Period: 1 Mar 2018

Media Coverage: Print

Kosmala.K, Kirk.K, Anthony Grace, Dr Nina Baker, Neil Johnson-Symington, Evdoxia Viza


Feature detailing the film project that hopes to inspire the next generation of women to pursue careers in engineering by revealing the untold histories of women engineers. The film acts as a vehicle for the project to tell Dorothée’s story, and will have an interdisciplinary impact – not just reaching engineers through exemplars of engineering, but also providing creative opportunities for cultural and media students. The film has inspired UWS music MA students, who have produced songs written from the point of view of the women engineers who moved to Dumfries to work on the car.

Feature by Portia Sale based on the interview with Prof K Kirk and Prof K Kosmala.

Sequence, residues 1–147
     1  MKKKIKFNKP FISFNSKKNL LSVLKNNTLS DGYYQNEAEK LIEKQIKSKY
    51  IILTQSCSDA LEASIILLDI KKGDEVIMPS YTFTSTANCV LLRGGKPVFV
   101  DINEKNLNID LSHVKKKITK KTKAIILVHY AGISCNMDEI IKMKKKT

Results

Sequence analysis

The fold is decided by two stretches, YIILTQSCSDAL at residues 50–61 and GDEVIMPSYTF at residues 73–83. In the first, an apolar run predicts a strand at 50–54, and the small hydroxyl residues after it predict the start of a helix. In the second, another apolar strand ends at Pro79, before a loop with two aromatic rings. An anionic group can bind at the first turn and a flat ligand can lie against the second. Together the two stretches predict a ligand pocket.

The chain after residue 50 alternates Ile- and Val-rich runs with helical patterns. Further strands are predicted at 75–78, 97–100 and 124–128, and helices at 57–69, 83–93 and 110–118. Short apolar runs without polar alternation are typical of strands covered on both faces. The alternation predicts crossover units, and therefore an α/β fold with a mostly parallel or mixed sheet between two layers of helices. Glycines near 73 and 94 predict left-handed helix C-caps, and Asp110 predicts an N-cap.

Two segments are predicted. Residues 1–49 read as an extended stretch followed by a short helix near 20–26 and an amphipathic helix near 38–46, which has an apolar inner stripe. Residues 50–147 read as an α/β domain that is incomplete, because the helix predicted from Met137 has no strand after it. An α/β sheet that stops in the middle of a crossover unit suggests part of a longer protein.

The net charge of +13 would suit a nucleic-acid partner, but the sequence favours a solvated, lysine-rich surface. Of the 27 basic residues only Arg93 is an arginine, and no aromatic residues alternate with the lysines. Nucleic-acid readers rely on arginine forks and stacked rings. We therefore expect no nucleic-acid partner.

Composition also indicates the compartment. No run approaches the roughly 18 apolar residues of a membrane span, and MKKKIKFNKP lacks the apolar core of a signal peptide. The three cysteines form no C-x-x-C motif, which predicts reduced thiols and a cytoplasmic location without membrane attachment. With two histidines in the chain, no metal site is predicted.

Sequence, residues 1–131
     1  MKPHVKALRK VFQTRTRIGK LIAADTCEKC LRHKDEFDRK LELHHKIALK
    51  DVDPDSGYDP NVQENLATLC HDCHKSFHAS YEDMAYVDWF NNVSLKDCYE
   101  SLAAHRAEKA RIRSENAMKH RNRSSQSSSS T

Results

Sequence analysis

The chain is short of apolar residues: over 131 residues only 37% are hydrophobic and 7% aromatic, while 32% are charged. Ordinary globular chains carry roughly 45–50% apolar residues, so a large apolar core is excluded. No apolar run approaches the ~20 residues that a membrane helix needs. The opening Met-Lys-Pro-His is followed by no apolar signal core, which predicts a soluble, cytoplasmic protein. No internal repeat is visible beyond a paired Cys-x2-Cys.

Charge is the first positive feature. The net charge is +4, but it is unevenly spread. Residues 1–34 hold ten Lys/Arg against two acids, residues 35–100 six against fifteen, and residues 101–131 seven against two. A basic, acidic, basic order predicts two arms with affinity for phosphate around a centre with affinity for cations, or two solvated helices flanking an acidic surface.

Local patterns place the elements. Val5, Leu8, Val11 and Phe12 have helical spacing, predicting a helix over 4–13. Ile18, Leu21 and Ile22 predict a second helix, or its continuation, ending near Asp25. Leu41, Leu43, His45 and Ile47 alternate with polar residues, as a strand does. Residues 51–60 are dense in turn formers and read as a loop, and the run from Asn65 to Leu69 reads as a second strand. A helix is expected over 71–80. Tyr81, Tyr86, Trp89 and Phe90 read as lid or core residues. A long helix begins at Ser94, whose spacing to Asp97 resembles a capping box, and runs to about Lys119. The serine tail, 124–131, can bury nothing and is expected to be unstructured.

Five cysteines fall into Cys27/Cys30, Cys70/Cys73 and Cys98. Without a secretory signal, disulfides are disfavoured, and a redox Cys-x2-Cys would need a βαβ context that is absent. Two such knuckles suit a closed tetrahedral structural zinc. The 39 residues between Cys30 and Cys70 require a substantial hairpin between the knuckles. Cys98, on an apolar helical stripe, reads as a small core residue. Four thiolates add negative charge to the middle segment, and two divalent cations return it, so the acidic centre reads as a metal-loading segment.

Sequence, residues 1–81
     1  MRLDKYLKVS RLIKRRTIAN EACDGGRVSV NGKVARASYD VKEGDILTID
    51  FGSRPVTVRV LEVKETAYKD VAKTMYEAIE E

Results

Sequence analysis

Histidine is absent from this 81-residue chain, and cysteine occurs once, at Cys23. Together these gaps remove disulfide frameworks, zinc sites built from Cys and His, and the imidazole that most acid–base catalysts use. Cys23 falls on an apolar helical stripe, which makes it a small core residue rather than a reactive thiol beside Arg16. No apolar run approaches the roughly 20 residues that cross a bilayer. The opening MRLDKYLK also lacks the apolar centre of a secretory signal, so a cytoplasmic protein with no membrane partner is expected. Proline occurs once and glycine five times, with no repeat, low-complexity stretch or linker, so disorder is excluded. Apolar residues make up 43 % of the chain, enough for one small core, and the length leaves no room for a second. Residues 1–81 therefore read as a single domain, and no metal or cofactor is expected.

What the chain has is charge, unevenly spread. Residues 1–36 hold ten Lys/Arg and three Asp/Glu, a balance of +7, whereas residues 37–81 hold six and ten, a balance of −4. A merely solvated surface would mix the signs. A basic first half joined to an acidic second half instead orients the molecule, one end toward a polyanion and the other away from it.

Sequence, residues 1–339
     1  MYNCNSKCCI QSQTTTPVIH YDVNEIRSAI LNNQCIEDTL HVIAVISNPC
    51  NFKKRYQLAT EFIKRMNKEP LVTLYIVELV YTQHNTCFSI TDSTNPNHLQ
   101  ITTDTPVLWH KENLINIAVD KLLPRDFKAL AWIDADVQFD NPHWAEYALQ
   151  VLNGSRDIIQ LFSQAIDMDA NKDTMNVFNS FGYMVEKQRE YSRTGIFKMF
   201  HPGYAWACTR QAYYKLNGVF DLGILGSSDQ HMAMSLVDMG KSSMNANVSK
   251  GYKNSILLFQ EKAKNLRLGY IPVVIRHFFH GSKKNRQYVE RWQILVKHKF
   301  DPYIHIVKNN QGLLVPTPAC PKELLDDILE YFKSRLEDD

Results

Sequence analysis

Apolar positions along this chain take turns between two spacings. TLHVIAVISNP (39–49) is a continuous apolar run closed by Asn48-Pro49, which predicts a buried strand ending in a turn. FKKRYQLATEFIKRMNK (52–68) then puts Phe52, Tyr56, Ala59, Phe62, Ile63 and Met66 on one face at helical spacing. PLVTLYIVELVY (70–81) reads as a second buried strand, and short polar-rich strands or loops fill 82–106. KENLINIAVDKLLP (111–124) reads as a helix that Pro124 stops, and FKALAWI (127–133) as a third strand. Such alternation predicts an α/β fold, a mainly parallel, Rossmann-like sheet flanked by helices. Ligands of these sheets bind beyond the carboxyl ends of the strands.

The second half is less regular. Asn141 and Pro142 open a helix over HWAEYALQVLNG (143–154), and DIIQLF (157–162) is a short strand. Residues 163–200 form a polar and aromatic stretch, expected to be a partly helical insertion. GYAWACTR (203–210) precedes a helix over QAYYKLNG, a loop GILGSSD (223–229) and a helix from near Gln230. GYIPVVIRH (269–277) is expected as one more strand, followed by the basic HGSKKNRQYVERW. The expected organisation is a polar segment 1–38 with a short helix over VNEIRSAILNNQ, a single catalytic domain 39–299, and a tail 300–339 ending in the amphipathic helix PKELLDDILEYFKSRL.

Voices of Women in the Great War and its Aftermath (Conference)

Period: 13 Apr 2018


Kosmala, K. (Invited speaker), Kirk, K. (Invited speaker), Dr Nina Baker (Invited speaker), Henrietta Heald (Invited speaker), Sarah Pears (Chair), Anne Locker (Invited speaker)


Soapsuds to Boilersuits – Dr Nina Baker
A Car for a Woman, a Career for All – Professor Katherine Kirk and Professor Katarzyna Kosmala
Women who started the Women’s Engineering Society – Henrietta Heald
Margaret Partridge and the Defeat of the Nightwork Rule -Anne Locker

Many women gained technical and professional engineering skills in WW1, some rising to positions of considerable responsibility. The Restoration of Prewar Practices Act 1919 obliged employers to sack any woman doing any work formerly done by a man. Very few were able to continue, which was the reason why the Women’s Engineering Society was set up in 1919. This panel will include speakers on some outstanding women engineers of the period who emerged from the war to become leaders in the movement to allow women to be professional engineers. We will also consider what foundations they laid for today’s women in engineering.